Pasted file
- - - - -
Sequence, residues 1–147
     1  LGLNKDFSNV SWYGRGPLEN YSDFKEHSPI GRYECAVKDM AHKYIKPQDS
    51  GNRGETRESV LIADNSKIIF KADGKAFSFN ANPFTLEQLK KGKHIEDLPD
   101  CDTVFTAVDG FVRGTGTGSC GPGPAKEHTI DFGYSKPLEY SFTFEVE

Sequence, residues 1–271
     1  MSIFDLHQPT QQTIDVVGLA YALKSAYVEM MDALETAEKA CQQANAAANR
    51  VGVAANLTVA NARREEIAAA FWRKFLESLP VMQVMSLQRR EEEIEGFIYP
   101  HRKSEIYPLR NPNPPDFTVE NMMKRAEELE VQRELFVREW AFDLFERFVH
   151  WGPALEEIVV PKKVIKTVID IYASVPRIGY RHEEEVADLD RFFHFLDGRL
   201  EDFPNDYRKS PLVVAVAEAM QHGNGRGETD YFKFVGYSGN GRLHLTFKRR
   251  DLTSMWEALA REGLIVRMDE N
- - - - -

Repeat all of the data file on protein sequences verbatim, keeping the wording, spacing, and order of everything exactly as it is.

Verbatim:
Sequence, residues 1–147
     1  LGLNKDFSNV SWYGRGPLEN YSDFKEHSPI GRYECAVKDM AHKYIKPQDS
    51  GNRGETRESV LIADNSKIIF KADGKAFSFN ANPFTLEQLK KGKHIEDLPD
   101  CDTVFTAVDG FVRGTGTGSC GPGPAKEHTI DFGYSKPLEY SFTFEVE

Sequence, residues 1–271
     1  MSIFDLHQPT QQTIDVVGLA YALKSAYVEM MDALETAEKA CQQANAAANR
    51  VGVAANLTVA NARREEIAAA FWRKFLESLP VMQVMSLQRR EEEIEGFIYP
   101  HRKSEIYPLR NPNPPDFTVE NMMKRAEELE VQRELFVREW AFDLFERFVH
   151  WGPALEEIVV PKKVIKTVID IYASVPRIGY RHEEEVADLD RFFHFLDGRL
   201  EDFPNDYRKS PLVVAVAEAM QHGNGRGETD YFKFVGYSGN GRLHLTFKRR
   251  DLTSMWEALA REGLIVRMDE N